Militant convicted of murdering abortionist

The right-to-life militant who rose from his pew in a Wichita, Kansas, church one Sunday last May and shot dead a local abortion provider, George Tiller, was found guilty of first degree murder yesterday. As controversial as the trial was – and as fraught as the debate over abortion remains – the jury took just 37 minutes to deliberate.

The verdict, which is likely to spell life imprisonment for Scott Roeder, brought to an abrupt end a trial that become a crucible for a debate in America that never seems to end. Opponents of abortion condemned it and predicted it would only cause more violence while advocates for abortion rights lauded it.

In a tiny Wichita courtroom, the trial reached an emotional pinnacle and key legal pivot on Thursday. It was the moment when the defence team put their only witness on the stand to testify – Roeder himself. He variously admitted to shooting Dr Tiller, to planning the murder for more than a year and even contemplating other forms of assault, such as slicing his hands off with a sword.

But Thursday also saw a crucial ruling by the judge in the case related to the argument that was at the heart of Roeder's defence: that though there was no disputing that the murder had taken place – he pulled the trigger of the gun only after pressing the barrel into the skin of the victim's forehead – he was acting out of a conviction that he was protecting the lives of the unborn and felt he was doing the right thing.

It had been the contention of the defence that this so-called justification for the killing warranted making the case one of involuntary manslaughter instead of first degree murder. Abortion advocates and many legal experts across the country were enraged when the judge at first said he was keeping an open mind as to the soundness of the argument. But late on Thursday he indicated he would not allow the jury to consider manslaughter.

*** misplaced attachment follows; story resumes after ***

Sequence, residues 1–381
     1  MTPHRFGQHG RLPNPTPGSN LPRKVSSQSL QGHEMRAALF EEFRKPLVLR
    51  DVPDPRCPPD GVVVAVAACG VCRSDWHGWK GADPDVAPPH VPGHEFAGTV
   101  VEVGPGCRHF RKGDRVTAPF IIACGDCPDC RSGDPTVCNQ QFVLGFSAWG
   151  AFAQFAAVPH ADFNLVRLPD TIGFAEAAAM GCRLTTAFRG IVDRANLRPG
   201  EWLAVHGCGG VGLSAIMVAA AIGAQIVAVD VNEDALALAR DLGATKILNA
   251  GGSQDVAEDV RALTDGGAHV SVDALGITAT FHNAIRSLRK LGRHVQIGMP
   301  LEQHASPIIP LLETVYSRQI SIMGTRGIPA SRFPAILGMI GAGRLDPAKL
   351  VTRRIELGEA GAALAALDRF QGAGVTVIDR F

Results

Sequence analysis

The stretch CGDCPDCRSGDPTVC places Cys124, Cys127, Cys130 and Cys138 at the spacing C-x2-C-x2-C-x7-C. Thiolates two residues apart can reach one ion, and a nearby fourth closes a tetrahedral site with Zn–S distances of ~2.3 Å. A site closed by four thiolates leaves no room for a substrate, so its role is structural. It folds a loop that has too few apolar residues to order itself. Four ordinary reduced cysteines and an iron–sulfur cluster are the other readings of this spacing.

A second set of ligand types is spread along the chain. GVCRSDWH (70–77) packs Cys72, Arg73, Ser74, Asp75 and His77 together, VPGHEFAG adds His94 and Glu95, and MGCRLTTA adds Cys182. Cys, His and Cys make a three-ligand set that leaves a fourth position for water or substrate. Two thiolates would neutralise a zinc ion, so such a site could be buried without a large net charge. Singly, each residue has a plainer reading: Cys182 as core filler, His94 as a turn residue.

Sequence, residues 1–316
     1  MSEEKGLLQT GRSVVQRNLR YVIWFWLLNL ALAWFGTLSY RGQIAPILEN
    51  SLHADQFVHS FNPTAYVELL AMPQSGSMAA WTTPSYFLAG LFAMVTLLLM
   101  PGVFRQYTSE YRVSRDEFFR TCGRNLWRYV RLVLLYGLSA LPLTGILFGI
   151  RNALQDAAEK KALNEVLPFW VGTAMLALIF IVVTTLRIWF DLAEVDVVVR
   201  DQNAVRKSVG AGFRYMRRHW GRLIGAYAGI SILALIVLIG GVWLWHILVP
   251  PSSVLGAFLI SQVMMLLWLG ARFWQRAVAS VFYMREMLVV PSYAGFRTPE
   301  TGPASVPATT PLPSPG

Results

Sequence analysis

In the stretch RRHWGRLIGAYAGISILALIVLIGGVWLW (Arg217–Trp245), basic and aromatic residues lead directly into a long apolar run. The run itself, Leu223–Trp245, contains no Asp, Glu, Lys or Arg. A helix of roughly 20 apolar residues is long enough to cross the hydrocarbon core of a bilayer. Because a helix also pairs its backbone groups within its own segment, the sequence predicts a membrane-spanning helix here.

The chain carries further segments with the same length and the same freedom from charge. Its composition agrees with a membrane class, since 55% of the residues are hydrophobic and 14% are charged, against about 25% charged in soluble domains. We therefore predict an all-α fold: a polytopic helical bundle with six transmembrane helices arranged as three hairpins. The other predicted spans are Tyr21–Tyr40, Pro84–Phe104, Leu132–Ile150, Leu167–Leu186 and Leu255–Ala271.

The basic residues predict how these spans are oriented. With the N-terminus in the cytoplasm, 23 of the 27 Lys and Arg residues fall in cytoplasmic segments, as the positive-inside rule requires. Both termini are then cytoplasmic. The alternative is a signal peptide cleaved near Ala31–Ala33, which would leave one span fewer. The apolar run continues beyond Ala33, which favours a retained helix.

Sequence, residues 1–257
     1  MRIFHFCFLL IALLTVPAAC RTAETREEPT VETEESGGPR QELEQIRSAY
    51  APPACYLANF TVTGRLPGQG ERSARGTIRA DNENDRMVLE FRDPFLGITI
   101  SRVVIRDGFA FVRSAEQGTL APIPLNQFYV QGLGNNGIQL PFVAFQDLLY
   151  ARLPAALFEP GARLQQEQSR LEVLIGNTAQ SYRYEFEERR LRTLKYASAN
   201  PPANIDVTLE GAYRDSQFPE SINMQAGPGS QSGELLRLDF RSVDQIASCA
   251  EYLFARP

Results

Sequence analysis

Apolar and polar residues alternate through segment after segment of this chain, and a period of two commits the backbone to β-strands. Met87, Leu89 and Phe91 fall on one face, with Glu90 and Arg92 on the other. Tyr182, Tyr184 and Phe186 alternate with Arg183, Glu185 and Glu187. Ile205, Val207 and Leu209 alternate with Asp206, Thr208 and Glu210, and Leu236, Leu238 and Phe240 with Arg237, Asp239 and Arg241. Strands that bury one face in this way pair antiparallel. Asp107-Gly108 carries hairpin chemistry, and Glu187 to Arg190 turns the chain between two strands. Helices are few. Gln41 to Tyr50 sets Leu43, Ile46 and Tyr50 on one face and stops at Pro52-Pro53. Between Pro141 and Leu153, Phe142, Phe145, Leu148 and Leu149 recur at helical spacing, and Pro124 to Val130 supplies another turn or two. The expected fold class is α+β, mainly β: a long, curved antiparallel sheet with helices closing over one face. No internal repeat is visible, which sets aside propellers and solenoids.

That there was not much doubt for the jury seemed clear from the remarkable speed of their deliberations. As the foreman read out the verdict, Roeder looked ahead, his face free of visible emotion save for rapid blinking.

Just a day earlier, the courtroom had heard Roeder coolly agree with the prosecution's description with what happened on the day of the killing. "That is correct, yes," when asked if he had killed the doctor. "I did what I thought was needed to be done to protect the children. I shot him," he testified, adding at another point: "If I didn't do it, the babies were going to die the next day."

In closing arguments, the prosecution rejected any notion that the killing could be excused. "He claims justification," Kim Parker, prosecuting, said. "These are not the acts of a justified man. These acts are cowardly."

Dr Tiller had been only one of a few doctors in the US still offering late-term abortions. Prosecutors pointed out that he was never in violation of Kansas's abortion laws.

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